The faster we go, the more we tend to leave behind

One of my worst habits is being impatient, Manar Al Hinai writes in her weekly business column.

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One of my worst habits, which I would love to change, is being impatient. I dislike waiting for anything to happen. I want it here and now, if not sooner. But growing up, and experiencing different walks of life, I learnt that good things really do happen to those who wait, and so I tried to train myself to become more patient for the sake of my career.

However, when I look around, impatience is becoming a defining characteristic of young people within this generation, and compared with them my habit may not be so extreme. How so? A good friend of mine did not last in her new job more than a day, because she felt that this was not where she saw herself. She stayed only one day at her well-paying job, and did not think it was worth it to try it out for another day, or a month at least.

Another friend, with a great sense of fashion design and styling, spent a couple of months designing her debut collection, which could easily be mistaken for high-end designer work, only to quit a couple of weeks later because none of the boutiques she contacted responded to her inquiry about stocking her line.

"If I don't get promoted to a managerial level in the first year, then I know that it's a sign to change my job. I want to save as much money in 10 years before I retire and I can't afford to waste my time in the wrong place," said Fatima, a 23-year-old fresh graduate. I could not help but think that she was sabotaging a good career because of her impatience. Rarely does any fresh graduate get promoted in the first year to a managerial position, let alone be promoted, for that matter.

As whiny and spoilt as these people might seem, unfortunately this is a scene that I am often encountering: the bunch of 20something, ambitious, driven and intelligent individuals who all share a bad habit of not waiting, which hurts their careers and businesses.

If their phone screen broke because of a fall, they would not go fix it, but instead buy a new one. Why should they wait for it to get fixed when instead they could be on their way updating their Facebook page or liking their friends' pictures on Instagram instead?

Researchers attribute the development of this habit to modern technology and the effect it has on young people. Being hooked to their social media accounts, individuals then start to compare their lives and the time frame in which they should be receiving a response to that of the digital world. They tend to expect fast results, whether it is profit in their business, promotion in their job or response from business associates - like in the digital world when they receive on-the-spot likes for their posts or pictures.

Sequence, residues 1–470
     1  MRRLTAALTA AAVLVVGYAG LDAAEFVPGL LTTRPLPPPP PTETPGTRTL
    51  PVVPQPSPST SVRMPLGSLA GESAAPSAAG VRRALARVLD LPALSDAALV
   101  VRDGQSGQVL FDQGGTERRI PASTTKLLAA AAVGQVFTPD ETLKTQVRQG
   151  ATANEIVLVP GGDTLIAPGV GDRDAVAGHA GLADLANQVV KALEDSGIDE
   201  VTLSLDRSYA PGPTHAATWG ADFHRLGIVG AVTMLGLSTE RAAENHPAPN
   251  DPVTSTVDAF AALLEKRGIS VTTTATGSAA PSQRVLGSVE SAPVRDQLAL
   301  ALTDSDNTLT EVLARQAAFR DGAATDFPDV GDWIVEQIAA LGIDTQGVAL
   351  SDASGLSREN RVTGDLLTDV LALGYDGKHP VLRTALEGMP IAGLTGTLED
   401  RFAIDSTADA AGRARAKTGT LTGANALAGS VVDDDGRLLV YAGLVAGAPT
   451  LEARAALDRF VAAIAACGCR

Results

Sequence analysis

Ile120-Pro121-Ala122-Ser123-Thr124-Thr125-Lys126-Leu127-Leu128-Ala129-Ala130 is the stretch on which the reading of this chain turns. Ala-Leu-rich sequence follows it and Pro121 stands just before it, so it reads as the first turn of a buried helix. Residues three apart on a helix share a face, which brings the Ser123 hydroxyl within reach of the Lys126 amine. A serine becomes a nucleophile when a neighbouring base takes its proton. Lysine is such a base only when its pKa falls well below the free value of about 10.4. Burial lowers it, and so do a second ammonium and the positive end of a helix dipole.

In addition, the availability of numerous publications and information, in bookstores and online, that highlight the overnight success of entrepreneurs out there, and the rise of pop and reality TV stars, makes it seem that fast career success is closer and more available than ever.

But in the long run, slow success is better. We have a saying in Arabic that goes like this: "Whatever comes fast tends to leave fast." If you go up the ladder before building a good solid groundwork, you might be headed towards an unintended fall. And besides, you will be depriving yourself of the thrill of the chase - the anticipation and the wait for something of value and worth to happen.

When people tend to focus on achieving fast results in the shortest time frame, then they stop enjoying the process. Countless psychological studies and the famous law of attraction state that anticipating an end result, and the desire to achieve it, has a more positive effect on our lives and our being than the result itself.

Besides, since everyone is aiming to achieve results quickly, usually within three years, then aiming for results in a wider time frame, say seven to 10 years, it means there will be less competition, and you will have the chance to build a strong base. Why the rush?

Manar Al Hinai is an award-winning Emirati writer and fashion designer based in Abu Dhabi